Marijuana Legalization: Colorado Governor Signs New Laws Despite His Own Opposition to Them

On Tuesday, Democratic Colorado Governor John Hickenlooper signed into law several measures that will regulate the growing, selling, and taxation of recreational marijuana in the state. This from someone who previously said, “Colorado is known for many great things, marijuana should not be one of them.” 

Last year voters in Colorado approved the sale of recreational marijuana in a constitutional amendment. The measures include a limitation on marijuana levels when driving and a bill that calls for a referendum in November on imposing taxes on marijuana sales.

While the move represents a significant step by Colorado lawmakers towards instituting a legal system for dispensing marijuana, there will still no doubt be further obstacles ahead in the campaign to decriminalize the drug. Hickenlooper, however, should be commended for listening to the will of voters.

Hickenlooper himself opposed the ballot initiative to legalize and regulate marijuana which passed last November, but, as Nicole Flatow of Think Progress points out, on Tuesday he showed his “willingness to implement the will of the voters” despite his own views. Which is something politicians are not always willing to do. The ballot initiative got rid of criminal punishment for people over 21 who grow up to six marijuana plants or who possess less than an ounce of it. People will also be able to buy marijuana at retail outlets that are set to open at the beginning of next year. Noting that “recreational marijuana is really a completely new entity,” Hickenlooper said that the set of laws represented a good first step in terms of regulating the drug.

Under the new laws, there will be limits on who can obtain a marijuana license, with many law enforcement officers and people with a criminal history which indicates that “he or she is not of good moral character,” among those who will be prohibited from obtaining one. Marijuana dispensaries will also be subject to restrictions on where they can be located, what times they can be open, and how many there can be. Similar to other states, they will be prohibited from located within 1,000 feet of schools, drug treatment facilities, or child-care facilities. Furthermore, local jurisdictions will also be allowed to ban dispensaries outright.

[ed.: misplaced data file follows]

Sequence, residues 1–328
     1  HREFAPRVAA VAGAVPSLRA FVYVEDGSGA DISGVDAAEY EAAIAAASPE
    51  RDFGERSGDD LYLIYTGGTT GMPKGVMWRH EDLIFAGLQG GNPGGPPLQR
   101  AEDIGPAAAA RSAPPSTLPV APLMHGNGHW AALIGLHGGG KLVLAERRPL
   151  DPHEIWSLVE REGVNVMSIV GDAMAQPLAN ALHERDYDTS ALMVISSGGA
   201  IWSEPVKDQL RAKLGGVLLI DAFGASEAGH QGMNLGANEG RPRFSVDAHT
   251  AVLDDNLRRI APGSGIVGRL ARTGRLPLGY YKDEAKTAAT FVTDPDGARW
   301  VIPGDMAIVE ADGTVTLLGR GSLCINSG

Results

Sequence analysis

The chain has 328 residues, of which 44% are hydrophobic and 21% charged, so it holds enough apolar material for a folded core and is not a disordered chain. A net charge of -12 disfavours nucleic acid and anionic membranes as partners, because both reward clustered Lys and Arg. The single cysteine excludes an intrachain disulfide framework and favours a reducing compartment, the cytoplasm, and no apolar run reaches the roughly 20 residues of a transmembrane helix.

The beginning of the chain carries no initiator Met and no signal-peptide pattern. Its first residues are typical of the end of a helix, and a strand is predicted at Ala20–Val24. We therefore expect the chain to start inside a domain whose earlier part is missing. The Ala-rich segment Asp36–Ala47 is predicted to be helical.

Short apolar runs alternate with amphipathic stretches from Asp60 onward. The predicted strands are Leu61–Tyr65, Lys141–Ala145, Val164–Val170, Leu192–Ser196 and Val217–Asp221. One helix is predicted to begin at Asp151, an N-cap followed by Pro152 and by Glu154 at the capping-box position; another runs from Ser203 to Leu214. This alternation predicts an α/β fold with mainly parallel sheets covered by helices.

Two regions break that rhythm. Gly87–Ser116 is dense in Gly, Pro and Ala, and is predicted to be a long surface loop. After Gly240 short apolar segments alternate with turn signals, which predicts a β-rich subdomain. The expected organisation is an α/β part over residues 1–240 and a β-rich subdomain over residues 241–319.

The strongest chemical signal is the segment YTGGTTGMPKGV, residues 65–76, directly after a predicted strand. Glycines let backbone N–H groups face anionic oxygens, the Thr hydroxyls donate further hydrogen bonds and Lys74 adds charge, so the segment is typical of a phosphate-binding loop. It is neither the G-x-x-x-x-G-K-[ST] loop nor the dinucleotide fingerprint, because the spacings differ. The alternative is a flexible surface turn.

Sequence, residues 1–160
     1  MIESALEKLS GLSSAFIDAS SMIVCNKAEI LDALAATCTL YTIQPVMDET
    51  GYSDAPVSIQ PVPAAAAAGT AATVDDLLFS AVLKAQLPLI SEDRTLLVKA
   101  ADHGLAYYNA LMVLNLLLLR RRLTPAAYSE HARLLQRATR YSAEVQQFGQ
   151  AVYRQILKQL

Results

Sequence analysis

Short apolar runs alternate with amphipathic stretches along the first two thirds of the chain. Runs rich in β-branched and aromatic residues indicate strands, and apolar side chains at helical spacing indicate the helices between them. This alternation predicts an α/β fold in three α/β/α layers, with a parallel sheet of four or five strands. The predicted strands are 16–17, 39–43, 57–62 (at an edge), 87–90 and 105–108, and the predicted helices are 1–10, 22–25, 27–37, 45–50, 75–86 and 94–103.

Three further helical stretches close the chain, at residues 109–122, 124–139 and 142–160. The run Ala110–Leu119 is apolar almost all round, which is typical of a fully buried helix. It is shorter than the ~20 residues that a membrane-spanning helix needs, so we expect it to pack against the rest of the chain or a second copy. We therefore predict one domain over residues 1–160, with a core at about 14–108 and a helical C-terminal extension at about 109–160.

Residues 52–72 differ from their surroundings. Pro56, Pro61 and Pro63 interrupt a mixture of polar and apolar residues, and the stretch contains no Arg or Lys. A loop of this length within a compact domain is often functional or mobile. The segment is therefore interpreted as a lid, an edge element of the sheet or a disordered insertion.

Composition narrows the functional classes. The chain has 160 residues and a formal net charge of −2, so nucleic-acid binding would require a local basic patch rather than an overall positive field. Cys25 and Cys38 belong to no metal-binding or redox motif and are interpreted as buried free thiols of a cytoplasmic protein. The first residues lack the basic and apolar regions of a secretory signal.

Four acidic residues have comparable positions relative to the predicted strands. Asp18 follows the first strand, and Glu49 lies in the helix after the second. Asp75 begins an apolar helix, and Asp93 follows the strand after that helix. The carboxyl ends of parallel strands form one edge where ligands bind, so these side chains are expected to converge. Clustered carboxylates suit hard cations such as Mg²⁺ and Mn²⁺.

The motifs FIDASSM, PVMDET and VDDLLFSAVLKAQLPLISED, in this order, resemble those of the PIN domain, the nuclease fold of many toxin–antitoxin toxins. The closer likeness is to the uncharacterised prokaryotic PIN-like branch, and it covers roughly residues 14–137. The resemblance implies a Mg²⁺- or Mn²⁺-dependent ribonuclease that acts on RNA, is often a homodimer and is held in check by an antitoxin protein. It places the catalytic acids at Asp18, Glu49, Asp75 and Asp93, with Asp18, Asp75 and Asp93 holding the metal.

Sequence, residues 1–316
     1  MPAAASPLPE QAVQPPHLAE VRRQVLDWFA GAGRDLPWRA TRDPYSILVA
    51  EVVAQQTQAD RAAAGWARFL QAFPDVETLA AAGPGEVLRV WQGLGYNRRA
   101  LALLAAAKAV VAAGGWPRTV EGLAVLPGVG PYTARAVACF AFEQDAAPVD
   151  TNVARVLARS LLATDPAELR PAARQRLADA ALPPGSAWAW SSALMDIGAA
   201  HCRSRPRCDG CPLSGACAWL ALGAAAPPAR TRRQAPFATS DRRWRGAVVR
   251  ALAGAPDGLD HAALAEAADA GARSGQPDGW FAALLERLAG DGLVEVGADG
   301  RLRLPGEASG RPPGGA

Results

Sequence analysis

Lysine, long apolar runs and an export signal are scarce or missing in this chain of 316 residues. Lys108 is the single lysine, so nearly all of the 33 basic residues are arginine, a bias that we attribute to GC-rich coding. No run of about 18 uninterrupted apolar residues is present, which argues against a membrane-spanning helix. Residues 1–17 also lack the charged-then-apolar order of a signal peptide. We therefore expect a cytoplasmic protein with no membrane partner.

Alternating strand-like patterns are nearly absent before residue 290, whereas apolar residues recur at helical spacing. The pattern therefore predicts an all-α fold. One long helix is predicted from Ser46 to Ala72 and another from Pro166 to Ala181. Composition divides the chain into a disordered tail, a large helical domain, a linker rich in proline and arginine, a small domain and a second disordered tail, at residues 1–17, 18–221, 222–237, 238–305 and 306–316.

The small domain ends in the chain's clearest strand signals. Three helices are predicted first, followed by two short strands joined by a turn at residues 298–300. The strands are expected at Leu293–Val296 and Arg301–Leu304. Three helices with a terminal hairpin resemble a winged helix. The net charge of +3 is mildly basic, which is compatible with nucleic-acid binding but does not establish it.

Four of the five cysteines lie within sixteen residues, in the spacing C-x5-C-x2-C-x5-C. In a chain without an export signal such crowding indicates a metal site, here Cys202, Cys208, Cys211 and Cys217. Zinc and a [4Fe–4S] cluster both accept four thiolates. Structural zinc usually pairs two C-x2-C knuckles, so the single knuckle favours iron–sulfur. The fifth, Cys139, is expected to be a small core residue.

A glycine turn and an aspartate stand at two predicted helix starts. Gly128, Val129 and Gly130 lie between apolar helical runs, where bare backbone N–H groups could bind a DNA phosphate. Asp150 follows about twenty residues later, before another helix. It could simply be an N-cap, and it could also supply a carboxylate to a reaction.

Non-Colorado residents will be limited to one quarter of an ounce per transaction, and people driving in Colorado will be limited to a blood-level of 5 nanograms. People who are charged with driving under the influence, however, will reportedly have the chance to disprove the DUI allegation and show that their driving was not impaired. Furthermore, if voters agree in the referendum in November, recreational marijuana sales will be subject to a 15% excise tax, with the revenue collected from this reportedly “marked for school construction.”

In addition, there will also be a new sales tax of 10% on top of the existing state and local sales taxes. So Hickenlooper will not just be honouring the will of voters, but his government will also be able to make some money off doing so.

Marijuana use is still illegal under federal law and Hickenlooper says he expects that the federal government will soon respond to the Colorado’s legalization of the drug, but is not sure when it will happen. “We think that it will be relatively soon. We are optimistic that they are going to be a little more specific in their approach on this issue.” Referring to the lack of a federal response to date, he also made light of the recent scandals facing the U.S. Department of Justice, saying, “they’ve been kind of busy.”

The new measures signed into law by Hickenlooper are a significant and commendable development given that they show that he is willing to listen to the will of voters despite his own opposition to the legalization of marijuana. They represent an important first step towards seeing how the legalization of marijuana will actually work in the state.

The legalization of marijuana use and the new laws, however, do not mean that everyone in Colorado will soon be following Snoop Dogg and Dr. Dre’s advice and smoking weed everyday or living their lives like Afroman:


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Aubrey Bloomfield

Politics intern at PolicyMic. Recent graduate with an Honours (First Class) degree in International Relations. Moved to New York last year. Loves politics, international relations, music (especially Neil Young), food (especially dumplings), and space.

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